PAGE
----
narrow lane, or go wherever the news goes? in my radio show, i have three hours and i can cover it all. but sometimes you don't get that much time. >> you don't. and you have to go where the news is. i have a story at noon and then it changes by 4:00 or 5:00. that's the new norm for this administration. whether or not readers or viewers are adjusting to that, we don't know that yet. >> how frustrating is it when you write that great piece with your colleague about the judges. it is really the biggest story. they will serve 40 and 50 years and 3,000 opinions per year per circuit. and it gets swallowed up by the stormy and rudy guiliani. >> as a reporter trying to cover that issue, it's difficult. it is so consequential to the country, yet it's also equally unsexy and difficult to get people's attention in a world where revelations like what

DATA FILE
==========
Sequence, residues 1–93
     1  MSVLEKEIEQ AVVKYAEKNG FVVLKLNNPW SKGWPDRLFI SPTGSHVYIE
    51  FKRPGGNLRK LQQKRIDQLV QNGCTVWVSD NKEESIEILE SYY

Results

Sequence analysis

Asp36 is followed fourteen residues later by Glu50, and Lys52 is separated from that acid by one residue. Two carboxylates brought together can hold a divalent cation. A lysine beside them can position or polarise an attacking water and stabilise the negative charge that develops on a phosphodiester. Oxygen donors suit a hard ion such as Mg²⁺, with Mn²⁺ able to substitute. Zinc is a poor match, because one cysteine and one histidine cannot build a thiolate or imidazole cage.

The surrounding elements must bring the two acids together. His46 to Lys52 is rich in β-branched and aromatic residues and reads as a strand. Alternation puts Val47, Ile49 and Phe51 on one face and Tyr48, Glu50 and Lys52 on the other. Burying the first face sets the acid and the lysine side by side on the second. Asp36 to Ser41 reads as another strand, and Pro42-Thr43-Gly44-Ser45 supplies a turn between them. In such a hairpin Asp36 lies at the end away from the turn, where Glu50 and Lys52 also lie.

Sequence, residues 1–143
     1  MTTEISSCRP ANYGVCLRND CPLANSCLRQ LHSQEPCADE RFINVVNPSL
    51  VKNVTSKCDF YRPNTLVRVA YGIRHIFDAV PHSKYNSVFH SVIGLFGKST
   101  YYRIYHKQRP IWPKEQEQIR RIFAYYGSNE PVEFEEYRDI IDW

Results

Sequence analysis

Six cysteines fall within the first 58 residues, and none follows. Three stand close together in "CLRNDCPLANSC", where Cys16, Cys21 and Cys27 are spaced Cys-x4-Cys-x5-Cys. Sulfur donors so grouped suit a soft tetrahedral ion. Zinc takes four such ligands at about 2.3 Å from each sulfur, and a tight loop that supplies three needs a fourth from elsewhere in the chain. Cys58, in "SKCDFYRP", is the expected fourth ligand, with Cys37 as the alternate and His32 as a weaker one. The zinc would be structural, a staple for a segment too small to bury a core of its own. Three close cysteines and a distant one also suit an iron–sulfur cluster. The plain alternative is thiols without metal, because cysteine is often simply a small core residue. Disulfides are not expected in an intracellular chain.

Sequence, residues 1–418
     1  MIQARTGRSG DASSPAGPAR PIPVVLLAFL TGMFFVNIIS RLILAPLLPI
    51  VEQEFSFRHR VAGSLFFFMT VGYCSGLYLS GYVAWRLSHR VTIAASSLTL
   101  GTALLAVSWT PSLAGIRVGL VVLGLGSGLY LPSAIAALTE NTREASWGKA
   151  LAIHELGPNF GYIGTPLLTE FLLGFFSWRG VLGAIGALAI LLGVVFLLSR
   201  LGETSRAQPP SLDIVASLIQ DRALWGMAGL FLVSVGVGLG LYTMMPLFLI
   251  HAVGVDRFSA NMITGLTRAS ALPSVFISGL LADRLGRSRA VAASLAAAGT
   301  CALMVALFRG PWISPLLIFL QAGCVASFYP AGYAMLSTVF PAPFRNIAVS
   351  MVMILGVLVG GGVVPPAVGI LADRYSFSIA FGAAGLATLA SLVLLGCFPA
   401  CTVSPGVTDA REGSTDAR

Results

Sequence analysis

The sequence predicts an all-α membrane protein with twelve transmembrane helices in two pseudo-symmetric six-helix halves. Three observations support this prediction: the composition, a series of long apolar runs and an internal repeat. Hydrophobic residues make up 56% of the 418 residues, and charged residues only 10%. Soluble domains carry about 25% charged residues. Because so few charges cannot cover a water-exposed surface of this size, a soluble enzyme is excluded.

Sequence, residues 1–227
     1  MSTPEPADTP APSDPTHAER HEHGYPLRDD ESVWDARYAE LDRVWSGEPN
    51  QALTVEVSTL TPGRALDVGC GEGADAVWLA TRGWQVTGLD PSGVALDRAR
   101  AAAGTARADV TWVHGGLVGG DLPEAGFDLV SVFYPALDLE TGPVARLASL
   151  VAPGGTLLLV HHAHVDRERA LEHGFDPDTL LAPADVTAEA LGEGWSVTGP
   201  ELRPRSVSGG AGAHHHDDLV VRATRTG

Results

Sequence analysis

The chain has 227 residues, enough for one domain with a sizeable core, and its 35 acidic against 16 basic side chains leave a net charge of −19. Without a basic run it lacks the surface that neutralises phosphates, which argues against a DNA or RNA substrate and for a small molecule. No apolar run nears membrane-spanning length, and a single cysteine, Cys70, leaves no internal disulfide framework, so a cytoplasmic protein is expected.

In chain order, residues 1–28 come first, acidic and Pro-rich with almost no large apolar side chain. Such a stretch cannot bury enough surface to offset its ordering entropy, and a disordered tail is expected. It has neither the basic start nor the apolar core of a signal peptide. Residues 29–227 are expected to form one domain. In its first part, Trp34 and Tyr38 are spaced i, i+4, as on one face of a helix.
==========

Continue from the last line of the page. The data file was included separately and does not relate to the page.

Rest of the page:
you're talking about with stormy daniels, the restaurant investigation, are dominating the headlines. this is a long-term issue that is extremely consequential. it doesn't quite get the oxygen i think it deserves. >> i cover it every single day. so you at least have is an audience of one out there. when we come back, we will take a wider angle and ask yourselves who is the most important this week not named trump. stay tuned.
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welcome back. i'm hugh hewitt. monday through friday you can hear me on the salem radio network 6:00 to 9:00 a.m. saturday morning, i'm here on msnbc. each week i ask my panelists the most important person not named trump from the week before. courtney kube, elana schor. for me it has to be mike pompeo. he is promising a new swagger at the helm of which he officially took after traveling abroad. not only does he bring the president's confidence, but they have been depleted senior appointees. the department of state that was rex tillerson will quickly become mike pompeo.